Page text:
It’s impossible to miss the longstanding tradition of enchanted forests testing heroes in fantasy books. A person sets out on an adventure and learns what they couldn’t from the court or society. Because of an enchanted forest, they know more about themselves and their world. Maybe they even have access to new powers or skills. Fantasy heroes leaving the wood irrevocably changed is a tale as old as time.
Really, though — as far back as there are recorded stories, there are tales where heroes venture forth through enchanted forests and emerge stronger. Sometimes, the forest is imbued with magic from a magical being. Other times, the woods are inherently magical. Either way, the concept of the enchanted forest in fantasy books offers a magical other space. One where heroes test and grow their skills or knowledge.
An enchanted forest is a magical other space because it forces characters into unexpected liminal scenarios. Heroes cannot follow a social script that dictates how one should act. If you are beset by a group of pixies in a magical lake, your prior training as a knight guarding a castle cannot apply. Your foes are smaller, they don’t have the same cultural background as you, and they possess unknown threats that might not be fought with your physical fighting techniques. As a hero in an enchanted forest, your physical space is so very displacing that you have to rely on your core opinions and reactions.
Medieval Enchanted Forests and You
A notable early example comes from Western medieval literary traditions like the Breton lay (medieval French poetry about things like ladies, knights, and kings). Interestingly, this popular storytelling form written in the vernacular gave people access to tales that explore class ideologies alongside the fantastic or the romantic. It was a fantastical example of a guide to self-understanding. So it’s no surprise that in lais like The Lais of Marie de France, knights would often enter a magical forest and emerge with a new power or knowledge they could use in their courtly lives.
In the Lai “Guigemar,” for example, a handsome bachelor knight enters the woods to hunt. When Guigemar strikes a magical white hind, he receives an upper thigh wound that only falling in love can cure. His new purpose when he emerges is to find a lady love who can cure him. Spoiler alert: he successfully accomplishes that goal. Sure, she is married to an old man who trapped her in a tower, but this is a Marie de France poem, so what else could you expect? Nevertheless, there is a longstanding tradition of magical forests testing heroes in fantastical literature that set the fantasy genre up to do the same.
So You Got Great Power from Enchanted Forests
One clear example of how magical forests test and empower heroes in fantasy is The Jasmine Throne by Tasha Suri. In the South-Asian-inspired high fantasy novel, a tyrannical emperor imprisons his sister, Princess Malini, in a tower when she tries to usurp his throne. There, she meets Priya, a maidservant she can’t help falling for whose magic can help her escape. In doing so, Malini can overthrow her brother, and Priya can lead her country’s break from imperial rule.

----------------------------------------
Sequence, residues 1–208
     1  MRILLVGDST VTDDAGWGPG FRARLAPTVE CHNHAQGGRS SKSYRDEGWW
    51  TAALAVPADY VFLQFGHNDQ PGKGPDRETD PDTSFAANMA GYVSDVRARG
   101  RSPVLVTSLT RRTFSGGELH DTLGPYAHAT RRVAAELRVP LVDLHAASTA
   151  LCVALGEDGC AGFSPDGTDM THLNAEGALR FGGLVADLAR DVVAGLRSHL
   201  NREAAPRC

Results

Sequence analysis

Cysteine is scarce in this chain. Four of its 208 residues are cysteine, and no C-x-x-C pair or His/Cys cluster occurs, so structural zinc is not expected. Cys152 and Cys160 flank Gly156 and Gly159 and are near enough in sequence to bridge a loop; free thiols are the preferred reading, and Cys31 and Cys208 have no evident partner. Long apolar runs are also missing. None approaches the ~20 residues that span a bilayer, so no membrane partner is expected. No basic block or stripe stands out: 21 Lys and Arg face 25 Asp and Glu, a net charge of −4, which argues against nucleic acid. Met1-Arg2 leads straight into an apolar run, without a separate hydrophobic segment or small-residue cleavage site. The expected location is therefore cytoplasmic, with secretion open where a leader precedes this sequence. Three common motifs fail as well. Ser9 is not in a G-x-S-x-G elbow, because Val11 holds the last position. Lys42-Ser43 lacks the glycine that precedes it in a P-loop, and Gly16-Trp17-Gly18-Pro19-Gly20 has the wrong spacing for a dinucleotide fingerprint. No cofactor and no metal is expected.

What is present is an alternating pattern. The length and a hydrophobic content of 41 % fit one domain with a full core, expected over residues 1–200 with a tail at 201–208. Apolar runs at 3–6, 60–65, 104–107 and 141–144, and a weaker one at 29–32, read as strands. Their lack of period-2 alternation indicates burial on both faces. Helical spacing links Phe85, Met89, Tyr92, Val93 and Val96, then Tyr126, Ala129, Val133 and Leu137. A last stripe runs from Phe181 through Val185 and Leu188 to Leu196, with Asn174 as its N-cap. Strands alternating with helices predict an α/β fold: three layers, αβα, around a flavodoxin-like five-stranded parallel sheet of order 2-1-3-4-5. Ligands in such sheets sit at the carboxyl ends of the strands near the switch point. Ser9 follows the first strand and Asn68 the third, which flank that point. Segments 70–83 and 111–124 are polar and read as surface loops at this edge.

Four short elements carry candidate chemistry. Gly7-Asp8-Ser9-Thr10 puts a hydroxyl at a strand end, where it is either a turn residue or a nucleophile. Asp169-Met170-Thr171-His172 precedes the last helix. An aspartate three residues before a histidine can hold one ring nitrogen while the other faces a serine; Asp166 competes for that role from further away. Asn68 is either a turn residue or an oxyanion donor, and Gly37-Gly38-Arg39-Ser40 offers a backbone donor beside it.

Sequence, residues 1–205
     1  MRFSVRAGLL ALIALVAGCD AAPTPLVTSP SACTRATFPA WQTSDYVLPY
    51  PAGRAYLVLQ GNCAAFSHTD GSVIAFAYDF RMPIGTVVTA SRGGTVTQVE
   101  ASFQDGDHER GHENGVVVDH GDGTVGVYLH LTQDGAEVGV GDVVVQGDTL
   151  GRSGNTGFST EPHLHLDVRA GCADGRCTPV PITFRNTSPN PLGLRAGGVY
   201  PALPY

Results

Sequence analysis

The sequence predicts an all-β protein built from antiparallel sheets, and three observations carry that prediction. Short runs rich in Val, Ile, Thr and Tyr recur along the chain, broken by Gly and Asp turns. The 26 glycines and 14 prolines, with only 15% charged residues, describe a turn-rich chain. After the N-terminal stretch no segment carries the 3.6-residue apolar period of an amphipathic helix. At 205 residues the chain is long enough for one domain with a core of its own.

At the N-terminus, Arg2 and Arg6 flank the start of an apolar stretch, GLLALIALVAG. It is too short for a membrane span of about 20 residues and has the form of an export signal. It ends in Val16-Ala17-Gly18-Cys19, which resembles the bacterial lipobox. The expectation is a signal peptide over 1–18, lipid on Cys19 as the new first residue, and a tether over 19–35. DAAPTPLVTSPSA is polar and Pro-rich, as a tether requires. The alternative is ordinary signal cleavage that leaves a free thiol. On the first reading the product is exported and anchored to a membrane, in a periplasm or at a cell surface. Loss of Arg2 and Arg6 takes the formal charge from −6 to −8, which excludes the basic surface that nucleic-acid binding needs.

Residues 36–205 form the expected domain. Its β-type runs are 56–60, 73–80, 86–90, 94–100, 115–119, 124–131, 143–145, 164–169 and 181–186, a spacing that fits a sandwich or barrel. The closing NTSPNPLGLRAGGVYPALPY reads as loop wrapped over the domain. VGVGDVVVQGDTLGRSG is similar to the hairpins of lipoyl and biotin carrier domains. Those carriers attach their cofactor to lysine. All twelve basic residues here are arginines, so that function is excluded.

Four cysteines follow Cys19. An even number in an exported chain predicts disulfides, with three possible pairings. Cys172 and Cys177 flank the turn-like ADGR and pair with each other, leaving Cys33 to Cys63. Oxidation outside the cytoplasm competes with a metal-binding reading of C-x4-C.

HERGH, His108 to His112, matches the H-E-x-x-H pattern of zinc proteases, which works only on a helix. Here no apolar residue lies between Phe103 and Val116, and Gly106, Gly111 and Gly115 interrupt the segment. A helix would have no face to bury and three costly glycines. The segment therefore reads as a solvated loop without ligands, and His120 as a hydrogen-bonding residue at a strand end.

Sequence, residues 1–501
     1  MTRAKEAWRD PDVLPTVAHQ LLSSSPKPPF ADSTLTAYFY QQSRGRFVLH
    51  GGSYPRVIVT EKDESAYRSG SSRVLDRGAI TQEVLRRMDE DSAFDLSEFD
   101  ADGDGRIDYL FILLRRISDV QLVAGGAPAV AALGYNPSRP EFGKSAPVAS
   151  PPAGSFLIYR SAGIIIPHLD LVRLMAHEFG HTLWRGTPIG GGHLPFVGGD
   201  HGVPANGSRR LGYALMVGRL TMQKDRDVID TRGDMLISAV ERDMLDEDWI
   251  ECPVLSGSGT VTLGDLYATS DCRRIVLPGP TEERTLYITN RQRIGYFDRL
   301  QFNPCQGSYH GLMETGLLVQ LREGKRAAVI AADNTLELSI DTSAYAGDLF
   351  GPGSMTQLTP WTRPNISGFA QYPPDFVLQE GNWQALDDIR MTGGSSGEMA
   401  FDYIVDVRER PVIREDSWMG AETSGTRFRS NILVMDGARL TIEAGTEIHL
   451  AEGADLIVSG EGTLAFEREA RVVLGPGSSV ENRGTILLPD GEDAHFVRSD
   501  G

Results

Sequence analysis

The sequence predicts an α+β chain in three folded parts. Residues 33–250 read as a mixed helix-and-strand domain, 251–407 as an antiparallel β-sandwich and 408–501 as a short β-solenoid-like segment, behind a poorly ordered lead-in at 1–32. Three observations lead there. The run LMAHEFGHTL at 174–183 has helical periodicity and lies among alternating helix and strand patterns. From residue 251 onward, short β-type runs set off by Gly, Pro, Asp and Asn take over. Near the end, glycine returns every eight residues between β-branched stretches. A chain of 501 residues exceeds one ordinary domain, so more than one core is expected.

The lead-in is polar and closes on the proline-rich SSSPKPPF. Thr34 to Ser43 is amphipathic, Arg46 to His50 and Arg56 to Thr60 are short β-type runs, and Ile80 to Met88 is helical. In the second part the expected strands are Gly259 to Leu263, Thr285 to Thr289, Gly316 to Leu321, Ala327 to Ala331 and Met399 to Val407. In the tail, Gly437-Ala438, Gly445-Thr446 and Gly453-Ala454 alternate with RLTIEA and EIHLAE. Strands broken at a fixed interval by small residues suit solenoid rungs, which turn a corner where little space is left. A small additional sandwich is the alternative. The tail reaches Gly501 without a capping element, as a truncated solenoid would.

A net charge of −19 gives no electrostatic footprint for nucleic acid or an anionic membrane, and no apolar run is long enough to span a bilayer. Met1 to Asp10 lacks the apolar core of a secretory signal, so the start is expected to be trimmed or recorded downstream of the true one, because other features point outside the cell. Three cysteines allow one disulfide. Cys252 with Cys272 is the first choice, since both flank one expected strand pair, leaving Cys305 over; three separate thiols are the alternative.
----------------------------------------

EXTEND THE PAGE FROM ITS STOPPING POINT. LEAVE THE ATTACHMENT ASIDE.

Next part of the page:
But, back to the enchanted forest of it all. Priya’s magic develops when she connects to the natural world and allows her to control plant life around her. When she goes into the deathless waters to expand her access to power, that natural magic sickens her before it strengthens her. As Pryia emerges, “Weeds withered and resurrected in a frenzied cycle beneath her hands as she dry heaved.” Although the deathless waters are not a magical forest in the strictest sense, they do give her control over and connection to the magical forests around her. More importantly, when she gains more power through these physical tests, she becomes more distant from humanity and closer to the natural world. The Jasmine Throne confronts what it costs heroes to take on the power of a magical forest in order to save others.
So Enchanted Forests Forced You to Reckon With Feelings
In Walk Between Worlds by Samara Breger, the magical forest displaces the fantasy hero in order to challenge her opinion of the court. Sergeant Major Scratch Keys wants to be the King’s best guard, but when the king denies her knighthood and later sentences her and her best friend to death for a crime they didn’t commit, she knows that dream is gone. When rebel siblings rescue them from jail, they agree to go with them on a journey through the Between, a magical forest deadlier than they could’ve imagined.
At the beginning of her journey, Scratch reflects on how she had to fight to get her initial place as a guard and her name. Although it was something she was proud of at the time, “Now, sitting alone and lost in an unfamiliar wood, with no title to her name and no home to speak of, it felt like a terrible waste.” Her prison break removes Scratch from the court. In the forest, she deconstructs her role as a tool for a disrespectful king and reconstructs her self-image. The enchanted forest acts as a catalyst for personal growth precisely because it strips away all social pressure.
Emerging From the Forest
Ultimately, enchanted forests test heroes in fantasy as a way of creating a separation between growth in society and growth outside of society. While in social spheres, characters may develop interpersonal skills or fighting techniques that follow expectations. An enchanted forest forces fantasy heroes to intuitively take on the unfamiliar world. Magical forests push fantasy heroes to adapt to the fantastical, the uncomfortable, and the strange. In doing so, they become more than they could’ve imagined.